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Rich Energy claims it has terminated its title sponsorship deal with Haas, citing an “unacceptable” performance at the Austrian Grand Prix.

 

The energy drink company has attracted controversy throughout its short time in Formula 1 since signing with the American team this season, often citing Red Bull results and posting strongly-worded tweets.

 

Now, Rich Energy has again taken to Twitter to announce it has cancelled its Haas sponsorship deal, referencing the Austrian Grand Prix performance where Kevin Magnussen qualified fifth but finished 19th behind George Russell.

 

“Today Rich Energy terminated our contract with Haas F1 Team for poor performance,” Rich Energy tweeted. “We aim to beat Red Bull and being behind Williams Racing in Austria is unacceptable. The politics and PC attitude in F1 is also inhibiting our business. We wish the team well.”

 

Haas – currently ninth in the constructors’ championship with 16 points – has yet to comment on the claim. The team is setting up at Silverstone ahead of the British Grand Prix, where it carries extensive Rich Energy branding.

 

Following a recent legal case, Rich Energy was found to be infringing on the copyright of the Whyte Bikes logo in the United Kingdom and ordered to remove the stag logo from its drinks and any other products by July 18, as well as either handing over any existing products carrying the logo, destroy them or make them non-infringing.

 

As part of the Whyte Bikes court case, Rich Energy had also been ordered to disclose “any sums of money invested in or made available to Rich Energy, including for the avoidance of doubt sums invested in or made available to Rich Energy, in connection with its sponsorship of the Haas F1 Team… (and) any sums of money invested by third parties in any other company or entity controlled by Rich Energy in connection with and/or pursuant to the sponsorship of the Haas F1 Team.”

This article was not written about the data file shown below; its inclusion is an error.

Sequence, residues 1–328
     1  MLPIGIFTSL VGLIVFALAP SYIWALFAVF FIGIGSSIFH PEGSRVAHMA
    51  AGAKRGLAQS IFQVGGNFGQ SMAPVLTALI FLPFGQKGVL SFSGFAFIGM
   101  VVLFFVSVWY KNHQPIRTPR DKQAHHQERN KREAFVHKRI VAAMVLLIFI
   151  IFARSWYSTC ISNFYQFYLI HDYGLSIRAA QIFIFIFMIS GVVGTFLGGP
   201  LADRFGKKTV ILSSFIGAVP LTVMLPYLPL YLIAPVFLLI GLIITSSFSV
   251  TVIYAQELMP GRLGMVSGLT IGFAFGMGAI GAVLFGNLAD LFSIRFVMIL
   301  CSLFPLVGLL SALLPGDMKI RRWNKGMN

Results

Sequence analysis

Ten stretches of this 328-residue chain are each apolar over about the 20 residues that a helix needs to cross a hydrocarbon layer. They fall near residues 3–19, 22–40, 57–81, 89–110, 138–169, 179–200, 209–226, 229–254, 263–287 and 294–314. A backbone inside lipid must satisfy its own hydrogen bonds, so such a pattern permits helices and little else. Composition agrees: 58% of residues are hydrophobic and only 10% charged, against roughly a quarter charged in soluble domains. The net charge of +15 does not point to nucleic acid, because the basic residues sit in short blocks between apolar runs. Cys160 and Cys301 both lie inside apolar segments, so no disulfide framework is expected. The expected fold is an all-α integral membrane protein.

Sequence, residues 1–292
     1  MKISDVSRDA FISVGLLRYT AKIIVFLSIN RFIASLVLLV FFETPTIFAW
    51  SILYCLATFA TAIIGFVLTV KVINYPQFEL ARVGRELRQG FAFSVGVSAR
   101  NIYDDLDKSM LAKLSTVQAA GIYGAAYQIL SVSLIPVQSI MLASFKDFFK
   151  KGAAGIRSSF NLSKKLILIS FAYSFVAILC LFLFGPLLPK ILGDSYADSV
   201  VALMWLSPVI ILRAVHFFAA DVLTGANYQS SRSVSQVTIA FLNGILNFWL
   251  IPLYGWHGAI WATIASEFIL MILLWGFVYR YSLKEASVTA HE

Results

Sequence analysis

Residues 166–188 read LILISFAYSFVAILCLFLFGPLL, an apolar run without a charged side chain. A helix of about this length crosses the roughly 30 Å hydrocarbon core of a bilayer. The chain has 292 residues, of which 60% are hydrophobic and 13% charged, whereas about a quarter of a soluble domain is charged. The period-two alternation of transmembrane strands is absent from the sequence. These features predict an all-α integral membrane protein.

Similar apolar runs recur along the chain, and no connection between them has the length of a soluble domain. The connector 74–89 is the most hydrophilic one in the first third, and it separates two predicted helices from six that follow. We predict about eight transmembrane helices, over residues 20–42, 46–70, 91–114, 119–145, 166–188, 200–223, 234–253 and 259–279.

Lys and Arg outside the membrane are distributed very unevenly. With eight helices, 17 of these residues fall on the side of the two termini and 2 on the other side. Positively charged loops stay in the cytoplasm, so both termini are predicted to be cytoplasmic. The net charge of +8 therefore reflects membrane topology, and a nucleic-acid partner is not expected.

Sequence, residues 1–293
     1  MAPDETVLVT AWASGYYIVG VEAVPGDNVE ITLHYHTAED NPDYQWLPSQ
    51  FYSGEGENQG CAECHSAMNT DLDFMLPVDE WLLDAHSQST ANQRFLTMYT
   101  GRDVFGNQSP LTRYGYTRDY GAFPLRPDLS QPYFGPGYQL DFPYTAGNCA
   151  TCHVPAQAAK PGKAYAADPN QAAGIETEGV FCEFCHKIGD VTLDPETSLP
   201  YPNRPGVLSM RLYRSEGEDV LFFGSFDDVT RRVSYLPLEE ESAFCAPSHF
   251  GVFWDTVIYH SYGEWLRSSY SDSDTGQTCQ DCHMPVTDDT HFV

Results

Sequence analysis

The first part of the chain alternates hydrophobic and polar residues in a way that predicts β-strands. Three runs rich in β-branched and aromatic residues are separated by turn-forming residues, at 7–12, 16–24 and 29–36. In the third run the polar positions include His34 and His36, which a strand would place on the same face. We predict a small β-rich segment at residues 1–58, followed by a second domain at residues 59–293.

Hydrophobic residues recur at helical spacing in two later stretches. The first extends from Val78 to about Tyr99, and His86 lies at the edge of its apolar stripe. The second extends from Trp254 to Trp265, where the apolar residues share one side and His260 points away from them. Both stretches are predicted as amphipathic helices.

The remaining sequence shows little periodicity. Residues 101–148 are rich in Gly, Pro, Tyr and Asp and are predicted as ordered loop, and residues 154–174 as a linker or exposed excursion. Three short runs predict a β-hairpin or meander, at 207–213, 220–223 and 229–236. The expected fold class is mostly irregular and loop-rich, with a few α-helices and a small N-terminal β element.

Rich Energy also has to reveal “full details of any sums of money paid or payable to the Haas F1 Team pursuant to Rich Energy’s sponsorship, indicating in each case whether such sums were paid or payable by Rich Energy or by any other entity.”

 

It is unclear at this stage whether the termination of the deal would remove the need for Rich Energy to disclose details relating to the Haas sponsorship.

 

 

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The odd story of Haas and the Rich Energy sponsorship has left the Formula 1 Paddock scratching heads about what on earth is going on, not least because the cars are still liveried and there are no plans to change that - and because the team is saying very little.

 

This means that, despite all the rumours after Rich Energy’s announcement, the deal is still in place and judging by the team’s behaviour there is not a problem between the team and the sponsor. Could it be a legal move in case things end up in court? No, because there is clear evidence that Rich Energy has terminated the deal and if the team wanted to, it could stop the sponsorship straight away. So, the only logical conclusion is that there is something going on inside Rich Energy. We really don’t know much about the company. The man behind the business is William Storey, an attention-seeking ZZ Top-lookalike figure who put together a consortium of wealthy individuals to launch an energy drink and to use F1 to promote it. The team has bank guarantees and so the backers must have money because banks don’t do things like that without serious evidence of cash.